Since its foundation, Qal’at al- Bahrain served as an important business point among traders from Mesopotamia, Persia, Eastern Arabia, Central Asia and the Indus region. While the first city (ca. 2200 BC) revealed a small settlement organised on oasis agriculture, hunting and fishing, “City II” (ca. 2050 to 1750 B.C.) was a well fortified city covering a surface of 12 to 15 hectares. A group of monumental architecture, defined as a palace, prospered for several hundred years.
In the Middle Dilmun (1750- 900 BC) civilization period, the Kassites, settlers from Mesopotamia, occupied the site. Archaeological work uncovered the residence of this new governance which was probably settled in the restored palace of the former kings of Dilmun. Over a 100 cuneiform tablets in Akkadian language hold evidence of the existence of an active administration. Other interesting mechanisms found and showcased in the Site Museum are a Date Incubator used to create date syrup and a Sarcophagus in Bitumen (an oil based substance).
The Sarcophagus was used to bury people with their valuables to help them to their journey in the afterlife.
All the excavated tombs contained funerary items. As the inhabitants believed in the after life, the diseased was buried
with some of his personal belongings.
In the Late Dilmun (900 – 300 BC) civilisation, Qal’at al Bharain site prospered tremendously. For instance, excavations uncovered a luxurious architectural complex with public and private areas, a central courtyard and elaborate sanitary system. Another interesting discovery is of the more than fifty snake sacrifices that were deposited in bowls hidden beneath the floors in several areas of the palace. Moreover, a sanctuary and a zone of metallurgic workshops were recovered in the vicinity of the palace. The snake was venerated as a symbol of fertility and has some links to the Epic of Gilgamesh and his search in Dilmun for immortality. Also found are copper smelting pots which reveal a history in manufacturing traded items.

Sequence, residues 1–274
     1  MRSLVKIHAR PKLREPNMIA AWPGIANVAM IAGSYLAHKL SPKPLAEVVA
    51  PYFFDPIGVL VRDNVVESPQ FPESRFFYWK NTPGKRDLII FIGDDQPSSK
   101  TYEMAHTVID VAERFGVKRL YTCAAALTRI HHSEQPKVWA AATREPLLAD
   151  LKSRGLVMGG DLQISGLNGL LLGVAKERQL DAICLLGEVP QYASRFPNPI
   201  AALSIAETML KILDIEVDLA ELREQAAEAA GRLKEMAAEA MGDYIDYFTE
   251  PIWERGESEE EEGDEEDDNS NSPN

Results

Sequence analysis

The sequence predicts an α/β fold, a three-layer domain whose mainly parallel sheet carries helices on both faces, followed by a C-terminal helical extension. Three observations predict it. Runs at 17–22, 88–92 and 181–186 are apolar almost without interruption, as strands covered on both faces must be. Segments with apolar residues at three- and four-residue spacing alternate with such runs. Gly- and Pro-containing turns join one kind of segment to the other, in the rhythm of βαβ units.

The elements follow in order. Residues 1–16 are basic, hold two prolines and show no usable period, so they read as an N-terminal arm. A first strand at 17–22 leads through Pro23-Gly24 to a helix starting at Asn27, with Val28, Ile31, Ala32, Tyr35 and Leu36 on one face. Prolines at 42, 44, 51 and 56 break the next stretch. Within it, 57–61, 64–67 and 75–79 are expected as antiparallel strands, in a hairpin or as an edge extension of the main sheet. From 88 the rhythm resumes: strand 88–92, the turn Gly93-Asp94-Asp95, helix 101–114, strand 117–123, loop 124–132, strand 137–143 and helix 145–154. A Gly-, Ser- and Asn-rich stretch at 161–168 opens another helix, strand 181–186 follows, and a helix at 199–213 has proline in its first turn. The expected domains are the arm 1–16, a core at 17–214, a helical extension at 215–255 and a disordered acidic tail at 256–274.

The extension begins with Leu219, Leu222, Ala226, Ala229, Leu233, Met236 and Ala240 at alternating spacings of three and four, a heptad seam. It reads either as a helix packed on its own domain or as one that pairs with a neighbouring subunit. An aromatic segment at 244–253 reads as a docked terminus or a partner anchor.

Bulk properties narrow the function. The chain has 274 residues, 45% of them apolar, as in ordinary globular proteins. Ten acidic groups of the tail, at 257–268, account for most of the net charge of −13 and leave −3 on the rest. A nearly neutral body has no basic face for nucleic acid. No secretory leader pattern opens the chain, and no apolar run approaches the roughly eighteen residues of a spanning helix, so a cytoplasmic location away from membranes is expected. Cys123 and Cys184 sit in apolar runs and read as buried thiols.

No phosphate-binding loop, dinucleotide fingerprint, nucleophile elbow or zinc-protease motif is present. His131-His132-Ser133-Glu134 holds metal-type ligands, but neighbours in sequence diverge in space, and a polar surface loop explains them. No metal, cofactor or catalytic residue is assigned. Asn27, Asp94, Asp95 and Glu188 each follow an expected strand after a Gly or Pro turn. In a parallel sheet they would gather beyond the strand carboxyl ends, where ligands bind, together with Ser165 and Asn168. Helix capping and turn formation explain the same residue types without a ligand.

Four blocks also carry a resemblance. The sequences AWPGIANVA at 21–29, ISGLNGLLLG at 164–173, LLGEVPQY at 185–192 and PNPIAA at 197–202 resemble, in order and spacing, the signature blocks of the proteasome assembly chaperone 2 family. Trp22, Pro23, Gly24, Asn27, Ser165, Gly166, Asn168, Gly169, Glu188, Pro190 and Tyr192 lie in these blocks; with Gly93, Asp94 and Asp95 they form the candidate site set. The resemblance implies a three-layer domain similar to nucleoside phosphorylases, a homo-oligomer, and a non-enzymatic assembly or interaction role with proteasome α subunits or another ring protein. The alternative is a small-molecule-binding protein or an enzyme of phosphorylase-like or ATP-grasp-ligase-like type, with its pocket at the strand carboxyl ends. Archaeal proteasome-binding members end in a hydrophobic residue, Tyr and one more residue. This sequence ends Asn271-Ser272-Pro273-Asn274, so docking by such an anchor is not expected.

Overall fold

During the Hellenistic period, known as Tylos (300 BC - 600 AD), the island undergoes an exceptional phase of prosperity, apparently losing status as the island’s capital but remaining nevertheless the island’s major port as attested by the character of the finds. During the 2nd- 3rd century AD, a fortress was built north of the settlement and used as an important military administrative complex.
The Islamic period (12th to 17th century AD) saw a flurry of activity. The former coastal Tylos fortress was converted into a commercial warehouse. This commercial activity brought back the wealth of the settlement.
Following intricate political events and power changes at the end of the 13th and the beginning of the 14th centuries AD, a new fortress was erected and protected by a moat. It was however a mediocre construction which had to be constantly restored as a result of emergent Portuguese threats. In 1529, the fort could resist no longer the Portuguese artillery and hence became under the Portuguese dominion. In 1559, the fort was reinforced by 3 bastions following an attempted attack by the Ottomans.
Progressively, as the access channel to the site became too shallow, the maritime traffic was directed to Manama and Qal’at al-Bahrain site was soon abandoned. Today, it offers a peek at the glorious past of the Dilmun civilation to visitors and tourists from all over the world.